The flipside of guarantees was apparent in Sotheby’s sale of Roy Lichtenstein’s 1962 painting, The Ring (Engagement). Sotheby’s had guaranteed its seller, the Chicago collector Stefan Edlis, a certain amount. But, it fell short of its $50m pre-sale estimate, hammering at $37m ($41.7m with fees), which means someone, somewh ere (likely Sotheby’s) took a hit. There was a similar lack of excitement for Phillips’s top lot on 14 May; Francis Bacon’s Seated Woman (1961) was guaranteed by a third party but hammered at its low pre-sale estimate of $25m ($28.2m with fees).
There were several such moments that suggested turbulence in the otherwise bullish market. Another head-scratcher was the sale of Giacometti’s L’Homme au Doigt (1947) at Christie’s on 11 May. Estimated in excess of $130m, the work set a new record for the artist at $141.3m—despite only receiving one bid (Marc Porter, Christie’s chairman of the Americas, on the phones). And while there was a new record set for Christopher Wool with Sotheby’s sale of Untitled (Riot) (1990) on 12 May for $29.9m (est $12m-$18m), there was no buyer the following evening at Christie’s for another 1990 painting of his, Hypocrite (est $15m-$20m).
Such disappointments amid such wild excess made some dealers unsure about how sustainable the current state of affairs really is. “It’s an unreal world; we had a great opening at Frieze New York, and now these auctions,” says the European dealer Thaddaeus Ropac, founder of the eponymous gallery. “You need to be careful not to get used to it.”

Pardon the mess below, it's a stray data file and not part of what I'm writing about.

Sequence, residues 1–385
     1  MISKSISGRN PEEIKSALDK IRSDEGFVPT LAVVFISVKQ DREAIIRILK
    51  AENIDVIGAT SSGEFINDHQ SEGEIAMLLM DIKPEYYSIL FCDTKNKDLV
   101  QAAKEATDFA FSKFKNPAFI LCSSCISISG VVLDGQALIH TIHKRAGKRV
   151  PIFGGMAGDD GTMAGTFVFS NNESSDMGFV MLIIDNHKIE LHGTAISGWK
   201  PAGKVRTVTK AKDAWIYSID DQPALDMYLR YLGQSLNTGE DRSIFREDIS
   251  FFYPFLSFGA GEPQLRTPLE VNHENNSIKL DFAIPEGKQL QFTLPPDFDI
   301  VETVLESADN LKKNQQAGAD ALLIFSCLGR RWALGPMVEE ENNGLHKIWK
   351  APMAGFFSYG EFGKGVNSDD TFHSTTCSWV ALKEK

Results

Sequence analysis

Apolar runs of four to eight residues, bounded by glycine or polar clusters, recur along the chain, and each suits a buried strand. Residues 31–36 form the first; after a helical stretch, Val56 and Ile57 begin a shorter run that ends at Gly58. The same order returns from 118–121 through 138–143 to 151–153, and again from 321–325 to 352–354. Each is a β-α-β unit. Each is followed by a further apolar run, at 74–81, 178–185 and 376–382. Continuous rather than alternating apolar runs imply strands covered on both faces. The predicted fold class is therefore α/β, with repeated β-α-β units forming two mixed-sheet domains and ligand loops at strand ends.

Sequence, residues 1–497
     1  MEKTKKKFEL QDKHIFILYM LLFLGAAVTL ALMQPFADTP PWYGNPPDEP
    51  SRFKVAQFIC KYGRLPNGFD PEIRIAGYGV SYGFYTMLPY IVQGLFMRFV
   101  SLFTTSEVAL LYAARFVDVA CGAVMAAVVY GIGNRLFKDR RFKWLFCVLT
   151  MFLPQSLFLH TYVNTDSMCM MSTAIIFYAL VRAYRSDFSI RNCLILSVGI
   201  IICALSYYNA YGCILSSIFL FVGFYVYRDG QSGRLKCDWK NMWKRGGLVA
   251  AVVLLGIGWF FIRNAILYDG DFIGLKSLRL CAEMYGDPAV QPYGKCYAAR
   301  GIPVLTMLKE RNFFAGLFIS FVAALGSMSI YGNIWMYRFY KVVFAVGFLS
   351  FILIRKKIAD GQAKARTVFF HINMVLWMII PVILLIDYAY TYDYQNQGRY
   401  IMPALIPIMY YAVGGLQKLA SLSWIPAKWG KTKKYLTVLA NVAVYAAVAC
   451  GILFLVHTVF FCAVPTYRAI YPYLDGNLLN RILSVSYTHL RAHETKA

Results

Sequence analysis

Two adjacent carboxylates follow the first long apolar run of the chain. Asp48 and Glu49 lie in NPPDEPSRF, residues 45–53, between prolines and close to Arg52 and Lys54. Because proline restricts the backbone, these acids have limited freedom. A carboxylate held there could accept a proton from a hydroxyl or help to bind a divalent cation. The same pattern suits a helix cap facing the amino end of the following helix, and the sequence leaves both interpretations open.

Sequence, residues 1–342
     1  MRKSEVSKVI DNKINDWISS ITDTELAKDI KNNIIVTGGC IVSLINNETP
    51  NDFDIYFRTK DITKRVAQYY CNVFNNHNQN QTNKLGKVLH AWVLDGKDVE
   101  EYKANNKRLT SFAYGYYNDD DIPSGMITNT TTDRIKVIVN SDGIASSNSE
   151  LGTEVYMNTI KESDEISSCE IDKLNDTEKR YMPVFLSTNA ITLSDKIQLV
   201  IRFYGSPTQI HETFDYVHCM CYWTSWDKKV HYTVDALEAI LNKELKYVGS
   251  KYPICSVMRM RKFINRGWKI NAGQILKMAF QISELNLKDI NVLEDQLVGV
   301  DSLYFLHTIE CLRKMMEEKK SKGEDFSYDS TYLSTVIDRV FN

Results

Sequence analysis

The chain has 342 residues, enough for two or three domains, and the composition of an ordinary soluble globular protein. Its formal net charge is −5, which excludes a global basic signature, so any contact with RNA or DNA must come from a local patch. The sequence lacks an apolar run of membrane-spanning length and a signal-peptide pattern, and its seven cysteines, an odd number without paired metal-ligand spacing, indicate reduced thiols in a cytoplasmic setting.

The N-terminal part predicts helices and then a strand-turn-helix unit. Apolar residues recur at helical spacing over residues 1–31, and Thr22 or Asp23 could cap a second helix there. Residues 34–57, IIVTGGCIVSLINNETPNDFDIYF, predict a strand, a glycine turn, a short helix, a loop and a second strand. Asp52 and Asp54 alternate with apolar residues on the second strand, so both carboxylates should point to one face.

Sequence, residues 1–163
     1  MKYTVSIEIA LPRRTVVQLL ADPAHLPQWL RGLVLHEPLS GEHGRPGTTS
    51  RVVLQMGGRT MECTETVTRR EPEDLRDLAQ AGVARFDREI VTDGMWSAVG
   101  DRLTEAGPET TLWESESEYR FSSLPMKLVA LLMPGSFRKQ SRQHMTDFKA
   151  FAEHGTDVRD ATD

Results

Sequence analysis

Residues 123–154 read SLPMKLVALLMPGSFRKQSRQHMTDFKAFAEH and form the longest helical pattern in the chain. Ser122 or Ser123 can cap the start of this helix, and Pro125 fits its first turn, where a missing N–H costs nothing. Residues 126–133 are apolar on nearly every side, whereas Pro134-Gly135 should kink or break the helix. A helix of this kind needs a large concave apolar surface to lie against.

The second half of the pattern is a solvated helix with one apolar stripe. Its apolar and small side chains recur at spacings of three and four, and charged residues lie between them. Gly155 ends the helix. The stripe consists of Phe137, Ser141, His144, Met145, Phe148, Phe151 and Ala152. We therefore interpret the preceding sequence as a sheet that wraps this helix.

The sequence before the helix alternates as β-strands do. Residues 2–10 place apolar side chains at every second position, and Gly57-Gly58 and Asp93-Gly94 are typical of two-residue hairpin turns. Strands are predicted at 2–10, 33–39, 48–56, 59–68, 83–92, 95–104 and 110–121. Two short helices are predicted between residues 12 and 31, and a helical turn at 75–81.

With additional research by Richelle Simon
Auction results, New York, 5-14 May
Sotheby’s, Impressionist and Modern art, 5 May
Sale total: $368.3m (est $257.6m-$351m)
Lots offered: 64
Sold by lot: 78.1%
Christie’s, Looking Forward to the Past, 11 May
Sale total: $705.9m
Lots offered: 35
Sold by lot: 97%
Sotheby’s, contemporary art, 12 May
Sale total: $379.7m (est $315.1m-$411.2m)
Lots offered: 63
Sold by lot: 87.3%
Christie’s, post-war and contemporary art, 13 May
Sale total: $658.5m
Lots offered: 82
Sold by lot: 88%
Christie’s, Impressionist and Modern art, 14 May
Sale total: $202.6m
Lots offered: 43
Sold by lot: 93%
Phillips, contemporary art, 14 May
Sale total: $97.2m (est $96.1m-$138.3m)
Lots offered: 70
Sold by lot: 80%
Please note: Results include buyers’ premium; estimates do not. In London, Sotheby’s buyers’ premium rates are 25% on the first £100,000 ($200,000 in New York); 20% between £100,000 and £1.8m ($200,000 and $3m) and 12% above this. Christie’s and Phillips’s rates are 25% on the first £50,000 ($100,000); 20% between £50,000 and £1m ($100,000 and $2m) and 12% above this.